Friday, December 09, 2005

Uncommon Access Card?

To enter military bases and other restricted areas in Iraq, civilians like myself have been issued a special card by the government. The application process included several weeks of waiting and approvals from numerous government agencies, and even crossed the desk of my housemate. She wrote me a surprised note saying she had seen my paperwork and asking if I was really going to Iraq. A few days before I left I visited Ft. Belvoir, a military base near DC, and received my Common Access Card, in Iraq more commonly referred to as "the DoD."

There are two types of CAC cards floating around. Americans receive cards with a green stripe, others are issued cards with a pink stripe. I should be more specific here. "Others" does not include Iraqis. They're not issued CAC cards as far as I know. They receive passes that are only valid for individual locations, such as the Green Zone.

When I visited a government office in the Green Zone, I left my CAC card as a deposit to ensure that I would return the visitor's badge I was issued. Big mistake, my escort told me. Now it would be more difficult for me to enter his office with my other IDs. The CAC card is your passport, he explained, the only universally recognizable ID in Iraq, and you should never part with it. It also includes a special chip, which is supposedly linked to the blood sample I gave when I was issued the card. I'm dubious of this, but several people have told me that following bombings the chip has been used to identify otherwise unrecognizable remains.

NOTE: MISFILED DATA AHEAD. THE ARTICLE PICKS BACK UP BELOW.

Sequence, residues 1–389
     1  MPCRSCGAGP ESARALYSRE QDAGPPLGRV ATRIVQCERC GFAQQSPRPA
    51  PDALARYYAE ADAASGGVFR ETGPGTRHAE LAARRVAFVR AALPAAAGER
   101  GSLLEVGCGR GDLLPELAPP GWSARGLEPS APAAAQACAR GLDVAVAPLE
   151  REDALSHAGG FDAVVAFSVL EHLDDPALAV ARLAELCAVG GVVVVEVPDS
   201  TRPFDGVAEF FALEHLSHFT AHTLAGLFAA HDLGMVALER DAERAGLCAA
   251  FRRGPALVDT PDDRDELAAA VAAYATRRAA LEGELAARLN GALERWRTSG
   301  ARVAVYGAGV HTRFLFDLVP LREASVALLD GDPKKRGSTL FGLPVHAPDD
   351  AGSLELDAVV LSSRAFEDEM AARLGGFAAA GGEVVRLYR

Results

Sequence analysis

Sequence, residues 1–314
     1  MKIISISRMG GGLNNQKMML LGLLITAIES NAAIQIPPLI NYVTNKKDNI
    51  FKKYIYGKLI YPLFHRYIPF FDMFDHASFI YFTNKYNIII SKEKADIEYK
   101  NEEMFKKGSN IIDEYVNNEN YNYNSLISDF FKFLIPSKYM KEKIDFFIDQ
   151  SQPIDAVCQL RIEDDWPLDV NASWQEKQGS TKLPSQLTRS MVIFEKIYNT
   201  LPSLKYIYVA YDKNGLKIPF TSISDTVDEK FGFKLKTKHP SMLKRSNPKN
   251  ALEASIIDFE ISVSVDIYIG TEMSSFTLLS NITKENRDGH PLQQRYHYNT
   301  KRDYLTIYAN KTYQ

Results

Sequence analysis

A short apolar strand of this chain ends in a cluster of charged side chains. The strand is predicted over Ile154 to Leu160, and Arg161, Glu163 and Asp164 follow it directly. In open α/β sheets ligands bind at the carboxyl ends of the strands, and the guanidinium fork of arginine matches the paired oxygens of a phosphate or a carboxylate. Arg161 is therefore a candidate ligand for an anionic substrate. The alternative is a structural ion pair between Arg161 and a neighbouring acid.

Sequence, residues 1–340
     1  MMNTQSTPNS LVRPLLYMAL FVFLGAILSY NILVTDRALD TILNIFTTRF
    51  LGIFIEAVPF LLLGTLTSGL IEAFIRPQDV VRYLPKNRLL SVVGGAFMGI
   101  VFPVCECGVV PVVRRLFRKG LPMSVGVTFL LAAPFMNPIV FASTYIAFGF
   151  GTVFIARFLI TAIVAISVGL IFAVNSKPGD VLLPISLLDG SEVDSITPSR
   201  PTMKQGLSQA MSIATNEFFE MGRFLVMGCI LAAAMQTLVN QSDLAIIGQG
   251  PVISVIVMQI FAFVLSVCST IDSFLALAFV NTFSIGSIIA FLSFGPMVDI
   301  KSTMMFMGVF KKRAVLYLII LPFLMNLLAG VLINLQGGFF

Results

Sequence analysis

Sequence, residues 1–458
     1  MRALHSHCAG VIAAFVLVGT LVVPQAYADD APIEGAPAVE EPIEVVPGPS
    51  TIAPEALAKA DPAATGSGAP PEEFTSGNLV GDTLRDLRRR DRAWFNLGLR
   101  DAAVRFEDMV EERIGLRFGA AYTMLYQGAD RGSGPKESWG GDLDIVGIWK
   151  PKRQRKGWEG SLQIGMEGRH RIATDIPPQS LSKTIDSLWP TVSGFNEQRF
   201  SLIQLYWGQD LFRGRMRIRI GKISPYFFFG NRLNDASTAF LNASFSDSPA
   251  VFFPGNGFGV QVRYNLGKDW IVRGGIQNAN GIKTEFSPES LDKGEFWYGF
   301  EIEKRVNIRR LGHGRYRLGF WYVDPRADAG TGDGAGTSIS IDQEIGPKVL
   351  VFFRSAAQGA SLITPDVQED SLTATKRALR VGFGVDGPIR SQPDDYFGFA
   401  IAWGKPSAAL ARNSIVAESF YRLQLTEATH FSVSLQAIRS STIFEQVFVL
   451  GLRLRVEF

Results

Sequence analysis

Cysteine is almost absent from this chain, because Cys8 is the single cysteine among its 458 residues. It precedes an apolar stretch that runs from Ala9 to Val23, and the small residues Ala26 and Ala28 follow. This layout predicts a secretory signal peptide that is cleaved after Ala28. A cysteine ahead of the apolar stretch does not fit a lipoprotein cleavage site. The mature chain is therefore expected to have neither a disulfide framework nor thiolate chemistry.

Yesterday I received a government email that said foreigners will no longer be issued their pink cards. Instead, they must "pay for their Iraqi visa when they arrive in Baghdad. The cost in CASH - is $80 plus another $1. The entry visa is valid for 10 days. You will need to work with the local authority to receive an extension of the visa or a resident permit." I've found paying the one dollar entry/exit tax to be a funny excercise. For one dollar or 1000 dinars (66 cents) a very unofficial looking man slaps a stamp on your boarding pass.

Slightly more official-looking figures who check passports will be collecting the $80 dollars. This will affect many people, as there are thousands of contractors. I have heard estimates of 13,000 South African contractors alone. No one seems to know what the implications will be though, including the US government. The email closed: "At this point we do not have further information, but will share with you when we receive new information. We would be most interested in hearing your travelers' experience when they arrive at International Airport."


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